A flooring contractor may require a range of different insurance types depending on how they operate.
Public liability is certainly one of the most important forms of cover, but it’s not the only one.
For self-employed flooring contractors, public liability will be a must, whilst almost all contractors can benefit from tool insurance and income protection.
In this guide we’ll run through the needs of flooring contractors and how an insurance broker can make the insurance process easier and more affordable.
The term flooring contractor is quite broad, and covers a large range of occupations and business types.
Some of the common activities which are covered under flooring contractors insurance include the following:
- Installation of carpet and vinyl floors
- Floating timber floors
- Polished concrete floors
- Floor repairs
- Timber floor polishing
- Commercial flooring
Virtually any business activities which fall under the flooring contractor category can be insured, however if you undertake any activities which are a little ‘out of the ordinary’ it’s important to let us know.
There are three main types of insurance which flooring contractors can benefit from, however depending on the size and structure of your business you may require additional cover.
Whilst our website does focus on public liability insurance, it’s important not to limit yourself to a single policy. Insuring all of your risks is vital.
The three main forms of cover are detailed below.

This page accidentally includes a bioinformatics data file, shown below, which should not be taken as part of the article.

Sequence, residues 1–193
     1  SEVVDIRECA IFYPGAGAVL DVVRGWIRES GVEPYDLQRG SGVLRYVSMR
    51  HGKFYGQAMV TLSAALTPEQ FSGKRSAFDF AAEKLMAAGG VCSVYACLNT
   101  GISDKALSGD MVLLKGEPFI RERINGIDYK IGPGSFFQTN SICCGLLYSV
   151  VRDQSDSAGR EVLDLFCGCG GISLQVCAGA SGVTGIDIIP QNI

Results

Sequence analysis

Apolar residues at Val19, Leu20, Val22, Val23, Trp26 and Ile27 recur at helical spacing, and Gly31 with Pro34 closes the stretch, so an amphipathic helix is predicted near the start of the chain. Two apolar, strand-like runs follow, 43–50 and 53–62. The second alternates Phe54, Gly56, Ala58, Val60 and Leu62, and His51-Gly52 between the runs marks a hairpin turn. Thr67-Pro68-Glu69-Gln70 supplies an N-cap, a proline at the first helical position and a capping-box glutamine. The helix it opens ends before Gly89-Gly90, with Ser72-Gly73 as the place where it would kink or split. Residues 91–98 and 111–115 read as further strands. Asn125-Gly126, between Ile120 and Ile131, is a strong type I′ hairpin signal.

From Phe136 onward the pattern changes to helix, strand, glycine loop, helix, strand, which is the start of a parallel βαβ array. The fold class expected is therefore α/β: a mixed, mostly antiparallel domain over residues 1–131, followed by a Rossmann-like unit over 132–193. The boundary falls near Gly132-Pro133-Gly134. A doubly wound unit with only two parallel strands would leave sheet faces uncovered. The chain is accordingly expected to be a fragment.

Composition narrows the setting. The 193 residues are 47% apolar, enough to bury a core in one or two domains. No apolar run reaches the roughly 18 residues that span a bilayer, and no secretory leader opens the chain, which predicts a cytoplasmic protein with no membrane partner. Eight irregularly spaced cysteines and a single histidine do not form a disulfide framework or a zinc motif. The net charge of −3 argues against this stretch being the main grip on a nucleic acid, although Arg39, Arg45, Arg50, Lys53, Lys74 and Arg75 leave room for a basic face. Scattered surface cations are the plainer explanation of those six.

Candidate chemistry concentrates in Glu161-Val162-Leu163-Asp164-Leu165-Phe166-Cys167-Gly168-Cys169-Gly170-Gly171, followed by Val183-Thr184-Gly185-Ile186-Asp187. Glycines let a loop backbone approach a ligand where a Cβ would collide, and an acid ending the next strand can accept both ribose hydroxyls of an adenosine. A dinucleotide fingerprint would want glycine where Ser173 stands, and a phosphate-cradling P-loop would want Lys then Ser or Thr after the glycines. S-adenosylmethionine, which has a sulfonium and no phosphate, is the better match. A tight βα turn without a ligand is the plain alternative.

No matter what your trade is, the most commonly required form of insurance is public liability.
Public liability insurance will cover you in the event that your flooring activities result in property damage or personal injury to another person.
A typical personal injury claim could involve an incident where you have left some flooring materials in a walkway without sufficient marking, and a member of the public has tripped over them and suffered an injury.
A typical property damage claim could involve something as simple as breaking a window whilst carrying materials or equipment through a client’s premises.
Public liability is primarily for business owners, contractors and subcontractors. If you are working as an employee on wages you should be covered by your employer’s policy.
For more information about this cover please view .
This is another common form of tradies insurance for anyone operating in the building and construction industry.
Tool insurance will cover your gear in the event that it is stolen, damaged by fire or damaged in a vehicle collision or rollover.
If you are leaving gear on site overnight, such as large timber or concrete floor polishers that aren’t easily transported each night, you can also obtain special cover for these.
More information about tool insurance can be found by following the links on our website.
The last of the ‘big three’ form of trade insurance is income protection.
Regardless of whether you’re a business owner or an employee, income protection is an important way of protecting your income in the event that you cannot work for a period of time due to illness or injury.
A proper income protection policy must be obtained via a financial adviser rather than an insurance broker.
If you work on your own and don’t operate from your own premises, the three basic forms of insurance listed above will take care of most of your needs.
But if you are operating a larger business, perhaps with a few staff and running from your own workshop, then you’ll need to consider additional forms of cover.
Some of these covers include contract works insurance, business interruption and property damage cover.
Advice and Quotes
The job of an insurance broker is to help you to protect yourself, your business and your family with the right insurance to suit your needs and your budget.
They can assist flooring contractors with anything from basic quotes through to comprehensive advice on their overall insurance needs.
To obtain quotes on your insurance please click here.